Unfair evictions ‘cost councils £161m a year’
Ending unfair evictions could reduce homelessness by 9% and save the public purse £161m a year, according to analysis by Generation Rent.
Figures from the Ministry of Housing, Communities and Local Government show that out of 755,250 households made homeless or threatened with homelessness between April 2018 and December 2020, 140,950 (19%) had been in a private assured shorthold tenancy.
The campaign group says that of these households, 68,430 households have faced homelessness after their landlord evicted them to sell or re-let the property or in retaliation for a complaint.
The group says these evictions place a burden on local authorities. In 2019-20, the most recent year for which figures are available, councils in England spent £543m on prevention, administration and support activities around homelessness. Each of the 289,810 homelessness cases that year cost councils an average of £1,874 to respond to.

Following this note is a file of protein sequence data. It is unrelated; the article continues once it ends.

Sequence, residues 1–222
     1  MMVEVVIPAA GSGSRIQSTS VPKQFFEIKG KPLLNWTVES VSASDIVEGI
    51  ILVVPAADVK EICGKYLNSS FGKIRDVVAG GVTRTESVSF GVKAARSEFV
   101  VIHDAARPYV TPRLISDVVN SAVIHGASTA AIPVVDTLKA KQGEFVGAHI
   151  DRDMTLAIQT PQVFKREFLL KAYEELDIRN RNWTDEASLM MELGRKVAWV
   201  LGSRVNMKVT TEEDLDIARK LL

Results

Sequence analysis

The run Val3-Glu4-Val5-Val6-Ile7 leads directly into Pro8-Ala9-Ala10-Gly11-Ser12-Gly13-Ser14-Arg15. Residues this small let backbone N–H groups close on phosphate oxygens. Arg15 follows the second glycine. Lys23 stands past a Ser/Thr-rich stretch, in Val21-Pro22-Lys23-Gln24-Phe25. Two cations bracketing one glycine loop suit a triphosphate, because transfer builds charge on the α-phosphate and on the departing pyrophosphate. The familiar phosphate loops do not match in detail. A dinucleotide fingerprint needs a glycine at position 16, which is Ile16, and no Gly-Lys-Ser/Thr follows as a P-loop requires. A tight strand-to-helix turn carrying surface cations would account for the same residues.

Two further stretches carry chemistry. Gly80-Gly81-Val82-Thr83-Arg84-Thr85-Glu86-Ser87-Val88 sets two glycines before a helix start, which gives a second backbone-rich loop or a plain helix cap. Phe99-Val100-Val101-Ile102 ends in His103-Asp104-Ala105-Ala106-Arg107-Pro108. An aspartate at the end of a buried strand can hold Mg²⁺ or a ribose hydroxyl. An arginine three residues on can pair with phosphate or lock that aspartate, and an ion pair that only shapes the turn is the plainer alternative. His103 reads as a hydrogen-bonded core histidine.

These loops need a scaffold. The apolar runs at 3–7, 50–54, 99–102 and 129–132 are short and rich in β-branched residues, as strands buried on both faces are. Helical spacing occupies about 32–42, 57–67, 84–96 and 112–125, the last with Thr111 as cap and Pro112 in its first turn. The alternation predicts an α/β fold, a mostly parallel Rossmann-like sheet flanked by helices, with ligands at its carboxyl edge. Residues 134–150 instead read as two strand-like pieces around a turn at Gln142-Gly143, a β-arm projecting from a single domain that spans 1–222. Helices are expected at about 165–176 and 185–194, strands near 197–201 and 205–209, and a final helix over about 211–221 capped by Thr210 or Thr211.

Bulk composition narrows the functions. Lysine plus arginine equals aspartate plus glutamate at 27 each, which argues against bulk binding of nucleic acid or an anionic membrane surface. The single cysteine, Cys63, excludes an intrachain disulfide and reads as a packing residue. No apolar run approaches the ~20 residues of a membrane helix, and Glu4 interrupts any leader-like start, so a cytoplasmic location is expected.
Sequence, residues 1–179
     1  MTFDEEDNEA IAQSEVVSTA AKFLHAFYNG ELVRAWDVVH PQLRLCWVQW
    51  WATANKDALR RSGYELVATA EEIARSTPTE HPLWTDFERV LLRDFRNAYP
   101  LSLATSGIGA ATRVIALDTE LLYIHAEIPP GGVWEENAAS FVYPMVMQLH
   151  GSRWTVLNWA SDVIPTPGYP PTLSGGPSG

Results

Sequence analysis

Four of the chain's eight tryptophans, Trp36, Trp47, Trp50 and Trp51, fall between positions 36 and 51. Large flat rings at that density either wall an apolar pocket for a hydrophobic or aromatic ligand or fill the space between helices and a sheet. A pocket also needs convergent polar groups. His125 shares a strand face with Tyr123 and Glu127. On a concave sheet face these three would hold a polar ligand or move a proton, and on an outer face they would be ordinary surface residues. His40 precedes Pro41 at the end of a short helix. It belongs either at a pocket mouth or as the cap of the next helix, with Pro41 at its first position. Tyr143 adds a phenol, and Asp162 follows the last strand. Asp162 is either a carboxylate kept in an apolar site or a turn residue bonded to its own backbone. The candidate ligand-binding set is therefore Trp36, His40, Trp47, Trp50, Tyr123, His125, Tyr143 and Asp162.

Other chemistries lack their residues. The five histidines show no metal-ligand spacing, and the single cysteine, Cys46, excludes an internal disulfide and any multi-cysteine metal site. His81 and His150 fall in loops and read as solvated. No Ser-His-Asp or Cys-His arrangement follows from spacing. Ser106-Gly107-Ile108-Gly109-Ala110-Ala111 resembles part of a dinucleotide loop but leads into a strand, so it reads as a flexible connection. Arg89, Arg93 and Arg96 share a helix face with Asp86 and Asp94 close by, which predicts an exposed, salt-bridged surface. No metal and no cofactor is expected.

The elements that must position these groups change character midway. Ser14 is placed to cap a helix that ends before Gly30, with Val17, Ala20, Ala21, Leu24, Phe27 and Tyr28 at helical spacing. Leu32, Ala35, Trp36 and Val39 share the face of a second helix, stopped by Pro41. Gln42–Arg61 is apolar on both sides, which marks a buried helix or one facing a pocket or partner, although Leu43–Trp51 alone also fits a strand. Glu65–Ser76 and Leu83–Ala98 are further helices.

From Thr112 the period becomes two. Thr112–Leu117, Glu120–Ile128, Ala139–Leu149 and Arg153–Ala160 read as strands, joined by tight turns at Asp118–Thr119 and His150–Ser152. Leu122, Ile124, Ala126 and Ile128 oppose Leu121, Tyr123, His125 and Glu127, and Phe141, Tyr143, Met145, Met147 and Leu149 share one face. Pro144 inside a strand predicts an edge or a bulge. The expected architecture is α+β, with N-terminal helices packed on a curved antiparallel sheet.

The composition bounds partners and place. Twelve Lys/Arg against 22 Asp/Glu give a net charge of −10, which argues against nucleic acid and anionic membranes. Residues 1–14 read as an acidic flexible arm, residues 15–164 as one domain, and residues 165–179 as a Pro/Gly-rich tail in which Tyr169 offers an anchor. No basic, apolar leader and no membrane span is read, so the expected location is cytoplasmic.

In 2019-20, there were an average of 88,533 households in temporary accommodation, costing councils a total of £1.187bn – an average of £13,410 per household.
Generation Rent estimates that unfair evictions directly cost councils £161m in 2019-20 – through responding to 28,150 homelessness cases and housing an estimated 8,057 households who had been evicted unfairly in temporary accommodation.
In a report published today, A safe place to call home: Ending unfair evictions & reforming renting, Generation Rent recommends reforms to end unfair evictions and give renters’ greater long-term security in their home.
It is calling for landlords who wish to sell to compensate their tenants for a “blameless home move”, and ban evictions where landlords simply wished to replace their tenants or avoid responding to a complaint.
It also wants to see open-ended tenancies, more time for tenants to find a new home, a ban on excessive rent increases to force an eviction, and no mandatory evictions for people in rent debt.
Alicia Kennedy, director of Generation Rent, said: “The government’s commitment to abolishing Section 21 means that landlords will no longer be able to evict tenants just for requesting repairs or on other spurious grounds. But without further protections tenants could still face hardship and homelessness if their landlord decides to sell up.
“It cannot be right for a housing provider to leave their customer in the lurch and expect tenants and taxpayers to pick up the bill. Renters can never enjoy a stable life if they can have the rug pulled from under them, so the government’s reforms must make sure renters get proper support during unwanted moves.”